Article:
Through the analyzation of five different metropolitan areas, Atlanta, Chicago, Los Angeles, New York and Seattle, this article differentiates skill and knowledge requirements for entry-, lower-, middle-, and upper-level marketing jobs. This deemed to be a very insightful article, because I and I’m sure many of my fellow classmates are nearing graduation.

An overall summary of the research findings were that advanced technical skills were a high requirement for all levels of jobs. It was interesting to learn that many of the skills necessary were not in the “marketing curriculum.” This also made me grateful for Western’s marketing program because I have learned about the importance of search engine optimization, pay-per-click and analytics — and am really hoping to expand that knowledge through this class. Marketing is not just advertisements, there is a lot more behind it. Where does market research come from? Analyzing data and behaviors.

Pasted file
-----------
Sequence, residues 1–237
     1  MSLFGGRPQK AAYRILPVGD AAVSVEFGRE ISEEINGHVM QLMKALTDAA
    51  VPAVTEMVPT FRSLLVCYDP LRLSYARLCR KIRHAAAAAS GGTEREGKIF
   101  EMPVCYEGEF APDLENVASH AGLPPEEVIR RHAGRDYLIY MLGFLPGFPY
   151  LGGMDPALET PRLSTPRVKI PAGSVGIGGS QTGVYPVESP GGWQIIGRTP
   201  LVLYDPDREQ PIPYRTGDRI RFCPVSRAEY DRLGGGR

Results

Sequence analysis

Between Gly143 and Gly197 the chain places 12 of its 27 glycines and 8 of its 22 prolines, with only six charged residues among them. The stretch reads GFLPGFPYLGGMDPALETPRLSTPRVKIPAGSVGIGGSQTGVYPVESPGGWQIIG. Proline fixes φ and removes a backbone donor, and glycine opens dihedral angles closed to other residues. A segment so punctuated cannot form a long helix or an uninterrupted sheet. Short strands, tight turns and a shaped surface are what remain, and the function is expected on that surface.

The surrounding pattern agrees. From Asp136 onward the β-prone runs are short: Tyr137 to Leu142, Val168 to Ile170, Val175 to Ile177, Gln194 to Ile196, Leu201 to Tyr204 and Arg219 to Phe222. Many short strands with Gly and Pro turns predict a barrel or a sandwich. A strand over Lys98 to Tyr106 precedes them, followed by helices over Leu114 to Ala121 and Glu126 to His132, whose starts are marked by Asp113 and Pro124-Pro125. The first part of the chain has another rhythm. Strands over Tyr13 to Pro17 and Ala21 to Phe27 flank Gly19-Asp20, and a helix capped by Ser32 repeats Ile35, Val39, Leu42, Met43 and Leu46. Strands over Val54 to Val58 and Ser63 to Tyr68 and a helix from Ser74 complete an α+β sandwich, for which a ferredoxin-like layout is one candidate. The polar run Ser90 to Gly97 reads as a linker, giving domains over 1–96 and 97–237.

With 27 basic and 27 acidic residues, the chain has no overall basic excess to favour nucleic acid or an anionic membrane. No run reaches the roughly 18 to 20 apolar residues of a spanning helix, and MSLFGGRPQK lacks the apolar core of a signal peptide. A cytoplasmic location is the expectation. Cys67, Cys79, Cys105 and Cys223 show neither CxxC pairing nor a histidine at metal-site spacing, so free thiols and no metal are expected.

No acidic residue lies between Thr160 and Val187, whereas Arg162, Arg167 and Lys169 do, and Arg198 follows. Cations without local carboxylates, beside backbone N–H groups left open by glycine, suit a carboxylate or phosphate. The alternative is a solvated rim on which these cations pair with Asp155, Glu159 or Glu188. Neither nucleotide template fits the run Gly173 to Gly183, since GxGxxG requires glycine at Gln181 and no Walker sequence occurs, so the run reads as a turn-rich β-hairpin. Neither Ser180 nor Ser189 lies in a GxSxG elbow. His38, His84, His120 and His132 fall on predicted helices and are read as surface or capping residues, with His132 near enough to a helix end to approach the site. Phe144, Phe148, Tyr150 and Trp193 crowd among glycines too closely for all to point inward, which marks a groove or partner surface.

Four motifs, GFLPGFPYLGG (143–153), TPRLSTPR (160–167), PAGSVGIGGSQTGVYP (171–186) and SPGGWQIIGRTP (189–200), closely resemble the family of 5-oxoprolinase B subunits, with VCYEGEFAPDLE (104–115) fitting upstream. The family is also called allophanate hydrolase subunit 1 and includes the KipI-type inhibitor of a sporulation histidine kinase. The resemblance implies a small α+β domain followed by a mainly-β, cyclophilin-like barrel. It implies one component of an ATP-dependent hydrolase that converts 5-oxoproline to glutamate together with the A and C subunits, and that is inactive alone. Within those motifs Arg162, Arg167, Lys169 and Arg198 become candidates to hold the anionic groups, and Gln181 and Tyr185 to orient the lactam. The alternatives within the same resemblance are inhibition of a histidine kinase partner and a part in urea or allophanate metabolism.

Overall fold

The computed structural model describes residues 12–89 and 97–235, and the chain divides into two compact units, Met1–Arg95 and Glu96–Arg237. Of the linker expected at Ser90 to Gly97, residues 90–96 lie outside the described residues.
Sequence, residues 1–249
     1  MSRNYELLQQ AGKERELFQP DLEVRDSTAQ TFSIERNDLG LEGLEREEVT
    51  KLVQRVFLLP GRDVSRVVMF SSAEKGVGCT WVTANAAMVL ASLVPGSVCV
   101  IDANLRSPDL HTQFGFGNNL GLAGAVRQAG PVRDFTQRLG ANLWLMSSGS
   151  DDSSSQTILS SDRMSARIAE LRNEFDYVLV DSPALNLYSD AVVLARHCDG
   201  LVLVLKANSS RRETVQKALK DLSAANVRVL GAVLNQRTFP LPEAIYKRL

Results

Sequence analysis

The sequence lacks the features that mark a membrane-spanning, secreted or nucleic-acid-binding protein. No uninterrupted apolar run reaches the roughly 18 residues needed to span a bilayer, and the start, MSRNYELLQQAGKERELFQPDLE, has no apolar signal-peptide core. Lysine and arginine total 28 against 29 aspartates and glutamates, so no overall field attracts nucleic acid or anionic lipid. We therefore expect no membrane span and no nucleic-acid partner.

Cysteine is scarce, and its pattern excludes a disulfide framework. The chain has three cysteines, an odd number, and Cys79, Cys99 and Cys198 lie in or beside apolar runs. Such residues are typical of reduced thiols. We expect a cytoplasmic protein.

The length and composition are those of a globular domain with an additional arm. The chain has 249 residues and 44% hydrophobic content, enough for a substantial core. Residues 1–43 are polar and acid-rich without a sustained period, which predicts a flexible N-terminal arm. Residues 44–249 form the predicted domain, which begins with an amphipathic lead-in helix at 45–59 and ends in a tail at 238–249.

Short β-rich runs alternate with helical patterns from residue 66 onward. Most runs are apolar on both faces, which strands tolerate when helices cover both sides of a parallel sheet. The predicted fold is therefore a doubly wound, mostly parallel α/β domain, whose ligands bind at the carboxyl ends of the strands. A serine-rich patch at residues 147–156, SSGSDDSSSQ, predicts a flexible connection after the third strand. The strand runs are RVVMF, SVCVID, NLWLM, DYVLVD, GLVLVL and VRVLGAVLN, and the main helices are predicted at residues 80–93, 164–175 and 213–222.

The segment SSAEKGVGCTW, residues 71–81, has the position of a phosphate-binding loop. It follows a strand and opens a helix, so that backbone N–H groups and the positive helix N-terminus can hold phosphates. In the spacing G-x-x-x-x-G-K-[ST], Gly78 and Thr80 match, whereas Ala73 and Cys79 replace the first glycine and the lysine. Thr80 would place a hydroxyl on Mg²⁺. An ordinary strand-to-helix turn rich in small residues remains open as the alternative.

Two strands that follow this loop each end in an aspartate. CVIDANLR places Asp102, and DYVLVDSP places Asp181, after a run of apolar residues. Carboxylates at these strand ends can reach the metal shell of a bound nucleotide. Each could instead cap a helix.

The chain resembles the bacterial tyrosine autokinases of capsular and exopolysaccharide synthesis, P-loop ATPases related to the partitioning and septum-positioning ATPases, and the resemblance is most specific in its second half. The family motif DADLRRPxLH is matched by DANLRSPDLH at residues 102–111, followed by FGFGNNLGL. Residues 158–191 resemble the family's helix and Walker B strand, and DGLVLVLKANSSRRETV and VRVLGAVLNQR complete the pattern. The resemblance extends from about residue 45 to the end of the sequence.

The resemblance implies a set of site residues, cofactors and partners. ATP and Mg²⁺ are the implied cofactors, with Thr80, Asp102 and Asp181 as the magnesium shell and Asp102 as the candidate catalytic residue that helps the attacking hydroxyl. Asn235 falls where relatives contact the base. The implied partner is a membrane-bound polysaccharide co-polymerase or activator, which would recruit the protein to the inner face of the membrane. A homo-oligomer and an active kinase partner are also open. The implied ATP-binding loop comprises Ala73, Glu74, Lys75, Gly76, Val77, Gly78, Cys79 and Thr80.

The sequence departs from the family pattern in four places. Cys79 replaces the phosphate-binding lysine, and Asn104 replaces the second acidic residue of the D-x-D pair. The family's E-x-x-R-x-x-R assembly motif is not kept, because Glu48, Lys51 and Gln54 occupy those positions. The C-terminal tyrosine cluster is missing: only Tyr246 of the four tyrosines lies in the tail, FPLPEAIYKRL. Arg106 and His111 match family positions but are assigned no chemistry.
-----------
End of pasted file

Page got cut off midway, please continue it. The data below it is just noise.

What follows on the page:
This brings me back to the Target article. Through the use of analytics, they can predict consumers’ buying behaviors, and also analyze the company’s behaviors as well. With such information, marketers can distinguish purchase patterns and consumer’s purchase processes in order to predict future needs. It was very interesting to read that during pregnancy is the perfect time to try sway consumers out of their habits. You can learn almost anything about people through the analyzation of information. Having a technical skill set can really distinguish one in the job market.